Economy, Business And Markets
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Missing the Fine Line

Missing the Fine LineMissing the Fine Line

The Central Bank of Iran made sanarate.ir the official website for publishing foreign exchange quotes, escalating the bank’s control over the market. The move came after fallout with the newly created Iranian Exchange Association.

The website will now publish foreign exchange quotes instead of IEA’s website. The central bank had previously tasked the IEA to publish the quotes on its website.

The central bank’s ruling has stoked fears of further market disruptions and rate manipulation by the bank among currency traders.

“The central bank is tightening its grip on the flow of information in the foreign exchange market,” a currency trader told Financial Tribune.

 Supervision and Organization

The bank issued new regulations to escalate its supervision and control over Iran’s bureaux de change in June 2015.

According to those regulations, the IEA was left in charge of publishing quotes on an hourly basis according to the weighted average of all transactions registered within that hour. It was also charged with setting each trading day’s opening and closing prices based on the same premises.

Publishing rates from other sources and websites were banned by the regulations, as the bank cut out alternative sources of information.

The IEA was to publish the quotes using SANA, an electronic foreign exchange data network. Bureaux de change were obligated to register all transactions in excess of $10,000 in SANA simultaneous with making the trade. Smaller transaction could be registered with some delay.

 Change of Heart

But the bank stopped SANA’s data for days, without prior notice, in turn stopping the IEA from publishing rates and alarming investors. This has happened twice in the past month. This contradicts the regulations for bureaux de change.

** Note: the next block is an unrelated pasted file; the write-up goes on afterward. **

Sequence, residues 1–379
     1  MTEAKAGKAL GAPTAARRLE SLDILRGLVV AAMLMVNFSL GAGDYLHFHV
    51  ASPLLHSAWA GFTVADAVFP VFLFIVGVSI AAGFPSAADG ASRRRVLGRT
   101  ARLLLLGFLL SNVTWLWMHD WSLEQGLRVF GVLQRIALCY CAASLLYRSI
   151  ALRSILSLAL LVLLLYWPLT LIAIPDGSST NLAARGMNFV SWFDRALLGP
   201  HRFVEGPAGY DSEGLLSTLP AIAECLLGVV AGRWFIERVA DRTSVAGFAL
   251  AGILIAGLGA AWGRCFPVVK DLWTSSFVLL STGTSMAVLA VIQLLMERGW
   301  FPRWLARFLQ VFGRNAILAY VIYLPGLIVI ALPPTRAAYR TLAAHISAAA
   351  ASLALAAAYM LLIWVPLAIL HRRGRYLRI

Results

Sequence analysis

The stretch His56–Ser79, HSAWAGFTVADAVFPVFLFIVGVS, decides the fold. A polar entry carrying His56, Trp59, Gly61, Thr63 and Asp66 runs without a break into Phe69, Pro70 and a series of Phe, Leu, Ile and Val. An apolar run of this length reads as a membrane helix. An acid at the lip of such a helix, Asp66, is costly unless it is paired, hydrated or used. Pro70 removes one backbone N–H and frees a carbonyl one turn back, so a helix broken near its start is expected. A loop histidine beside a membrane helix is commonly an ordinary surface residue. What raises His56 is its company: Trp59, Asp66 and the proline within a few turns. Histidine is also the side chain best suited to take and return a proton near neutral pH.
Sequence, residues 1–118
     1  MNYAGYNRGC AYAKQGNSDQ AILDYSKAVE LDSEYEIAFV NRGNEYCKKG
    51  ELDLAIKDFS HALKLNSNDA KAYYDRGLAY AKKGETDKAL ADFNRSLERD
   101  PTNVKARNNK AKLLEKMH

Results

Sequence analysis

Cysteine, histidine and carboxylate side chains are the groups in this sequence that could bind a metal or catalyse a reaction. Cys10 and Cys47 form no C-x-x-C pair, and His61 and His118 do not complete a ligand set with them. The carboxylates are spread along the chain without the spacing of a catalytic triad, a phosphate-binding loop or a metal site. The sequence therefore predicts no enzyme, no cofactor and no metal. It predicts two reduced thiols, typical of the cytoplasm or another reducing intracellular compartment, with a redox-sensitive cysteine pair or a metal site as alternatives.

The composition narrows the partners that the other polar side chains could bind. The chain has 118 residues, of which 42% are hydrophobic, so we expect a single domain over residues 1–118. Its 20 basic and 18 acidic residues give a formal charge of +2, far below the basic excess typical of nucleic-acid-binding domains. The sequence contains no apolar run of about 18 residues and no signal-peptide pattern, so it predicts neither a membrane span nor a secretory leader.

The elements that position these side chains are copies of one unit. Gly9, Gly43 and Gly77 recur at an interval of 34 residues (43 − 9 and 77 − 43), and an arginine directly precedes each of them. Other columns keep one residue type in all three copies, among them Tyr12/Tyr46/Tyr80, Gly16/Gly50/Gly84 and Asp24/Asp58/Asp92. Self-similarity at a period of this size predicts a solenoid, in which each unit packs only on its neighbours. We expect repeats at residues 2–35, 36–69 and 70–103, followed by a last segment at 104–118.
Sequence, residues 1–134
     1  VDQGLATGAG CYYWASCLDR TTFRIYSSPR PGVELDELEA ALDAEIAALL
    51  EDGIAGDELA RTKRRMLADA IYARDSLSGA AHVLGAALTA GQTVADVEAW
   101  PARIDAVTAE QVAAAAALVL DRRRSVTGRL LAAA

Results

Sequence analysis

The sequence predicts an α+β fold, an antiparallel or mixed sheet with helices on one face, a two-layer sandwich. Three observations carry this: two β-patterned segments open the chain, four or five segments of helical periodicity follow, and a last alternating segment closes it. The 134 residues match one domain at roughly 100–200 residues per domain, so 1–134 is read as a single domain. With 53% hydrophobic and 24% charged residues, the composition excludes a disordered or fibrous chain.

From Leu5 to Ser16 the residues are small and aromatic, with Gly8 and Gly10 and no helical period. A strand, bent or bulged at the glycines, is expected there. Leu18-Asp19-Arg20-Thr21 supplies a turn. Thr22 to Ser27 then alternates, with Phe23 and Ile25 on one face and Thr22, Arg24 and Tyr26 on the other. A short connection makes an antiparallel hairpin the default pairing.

This week, the central bank introduced Sanarate as a temporary alternative to IEA’s website, saying the IEA had not met the bank’s criteria.

“Any future action is contingent on acquisition of required criteria by Iranian Exchange Association,” the bank said in a statement.

The stop came as a shock since the association was publishing the price quotes without any delay. It had also met all conditions required by the central bank.

Now, the central bank has made the change permanent, citing legal grounds for the website, but leaving out the IEA from its statement.

“Sanarate’s website has been created to organize the foreign exchange market and carry out bureaux de change currency transactions’ supervisory regulations,” the central bank said in a statement, citing two articles of the 1972 monetary and banking law and the new regulations for bureaux de change.

Sanarate will give quotes on the US dollar, euro and Emirati dirham only.

 Tightening Grip

Learning from the 2012 currency crisis—when the rial lost around 70% of its value and the bank tried and failed to stop foreign exchange trading—the central bank tried to sort out the foreign exchange market and keeping a stranglehold on foreign exchange volatility.

Firstly, the bank organized bureaux de change, stopping those without permits to do business and boosted supervision on their activities using SANA. Secondly, it started SANA’s operation. Thirdly, it started to crack down on individual traders–long the mainstay of free currency trading–in Ferdowsi Street–the center of foreign exchange trading in Tehran.

What the bank has so far left out are transactions by the big players beyond the reach of government.

 Poor Track Record

The move has unsettled market activists and investors as the central bank is not a good example of transparency or liberal acts.

Recent disruptions to SANA and the banks escalating control over the foreign exchange market have not been well received. “What is to stop them from repeating the past moves if things get out of their control,” a trader in Isfahan, who wanted to remain anonymous, told Financial Tribune.

Investors and critics have a point. There is a fine line between supervision and control and the central bank is missing it. The latter path may be easier, but it certainly isn’t better.

 

Financialtribune.com